The other side is that they do possess a radioactive component that can pose a minimal health risk if a person is exposed to it. That exposure is possible because isotopes are glass-encased and shatter easily. Real isotopes are also expensive and outfitting an entire carp or catfishing kit with them would be a significant cost (comparatively.)
Another downside to isotopes is that they are a nightmare to dispose of. When they break their internal components are difficult to clean up and run the risk of humans being exposed. While the amount of radiation is minimal, many believe it could make a person sick if handled improperly. In addition to the materials in the isotope, there is the glass which can shatter.
A similar product that is readily available in the USA is the fishing glowstick. A glowstick is also known as a light stick, chemical light, and light rod.
There are a few fundamental differences between a traditional isotope and a glowstick, including them being much less of a risk to the environment, more stable and self-contained, slightly less bright, not as long-lasting, and less expensive. Add to that the availability in the USA and why glowsticks are more popular becomes obvious.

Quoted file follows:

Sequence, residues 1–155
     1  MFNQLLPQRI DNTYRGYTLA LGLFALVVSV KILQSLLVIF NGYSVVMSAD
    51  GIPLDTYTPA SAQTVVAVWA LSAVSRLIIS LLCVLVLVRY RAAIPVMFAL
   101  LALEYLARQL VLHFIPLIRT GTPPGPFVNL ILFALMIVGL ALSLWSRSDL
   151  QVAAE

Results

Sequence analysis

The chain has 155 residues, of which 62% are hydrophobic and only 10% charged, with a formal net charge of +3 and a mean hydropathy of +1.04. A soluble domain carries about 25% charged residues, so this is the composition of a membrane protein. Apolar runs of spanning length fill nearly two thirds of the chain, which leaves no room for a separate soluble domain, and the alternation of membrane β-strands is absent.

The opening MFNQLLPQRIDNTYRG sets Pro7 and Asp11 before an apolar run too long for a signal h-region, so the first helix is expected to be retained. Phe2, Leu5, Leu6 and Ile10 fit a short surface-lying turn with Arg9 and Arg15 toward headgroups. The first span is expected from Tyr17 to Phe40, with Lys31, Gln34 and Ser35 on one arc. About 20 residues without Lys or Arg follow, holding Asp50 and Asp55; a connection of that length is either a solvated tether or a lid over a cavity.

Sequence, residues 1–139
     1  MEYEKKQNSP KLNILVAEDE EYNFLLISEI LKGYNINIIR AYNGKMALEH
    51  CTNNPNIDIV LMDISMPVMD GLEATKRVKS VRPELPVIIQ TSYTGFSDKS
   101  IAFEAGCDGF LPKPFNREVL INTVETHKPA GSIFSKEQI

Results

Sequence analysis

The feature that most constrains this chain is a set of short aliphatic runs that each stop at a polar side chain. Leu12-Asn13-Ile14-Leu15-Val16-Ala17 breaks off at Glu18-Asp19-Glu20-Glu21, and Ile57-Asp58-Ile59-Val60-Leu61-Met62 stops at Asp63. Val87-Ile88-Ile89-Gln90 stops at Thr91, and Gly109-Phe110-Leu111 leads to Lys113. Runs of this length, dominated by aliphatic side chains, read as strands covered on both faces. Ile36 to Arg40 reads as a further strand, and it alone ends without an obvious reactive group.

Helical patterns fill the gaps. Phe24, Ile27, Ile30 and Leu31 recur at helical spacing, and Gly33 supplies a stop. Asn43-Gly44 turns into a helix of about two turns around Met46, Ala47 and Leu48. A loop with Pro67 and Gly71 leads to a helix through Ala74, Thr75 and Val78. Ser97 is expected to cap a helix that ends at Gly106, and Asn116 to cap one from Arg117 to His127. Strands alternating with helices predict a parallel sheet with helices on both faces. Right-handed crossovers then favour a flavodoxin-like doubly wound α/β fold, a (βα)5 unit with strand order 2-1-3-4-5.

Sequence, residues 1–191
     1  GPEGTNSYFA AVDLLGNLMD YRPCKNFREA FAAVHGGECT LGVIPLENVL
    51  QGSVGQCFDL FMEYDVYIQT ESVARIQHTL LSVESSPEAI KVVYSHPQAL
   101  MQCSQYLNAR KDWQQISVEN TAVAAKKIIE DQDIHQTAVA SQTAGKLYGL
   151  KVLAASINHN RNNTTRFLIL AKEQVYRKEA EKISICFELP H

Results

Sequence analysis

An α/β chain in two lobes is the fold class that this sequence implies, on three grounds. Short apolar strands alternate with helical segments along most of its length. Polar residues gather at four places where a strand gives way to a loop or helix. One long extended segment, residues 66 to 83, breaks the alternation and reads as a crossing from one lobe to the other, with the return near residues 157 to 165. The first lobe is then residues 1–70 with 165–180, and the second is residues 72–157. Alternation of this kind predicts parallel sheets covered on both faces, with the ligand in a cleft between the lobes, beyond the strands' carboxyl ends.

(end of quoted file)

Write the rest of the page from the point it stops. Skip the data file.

What Are Glowsticks?
The chemical composition of glowsticks can vary, but usually, it entails a translucent plastic tubing that contains isolated chemicals that are either contained in brittle plastic tubing inside the casing or are separated by a sheath of brittle plastic that is part of the casing itself. When the plastic is broken, the chemicals combine and create a short-term, chemiluminescence light.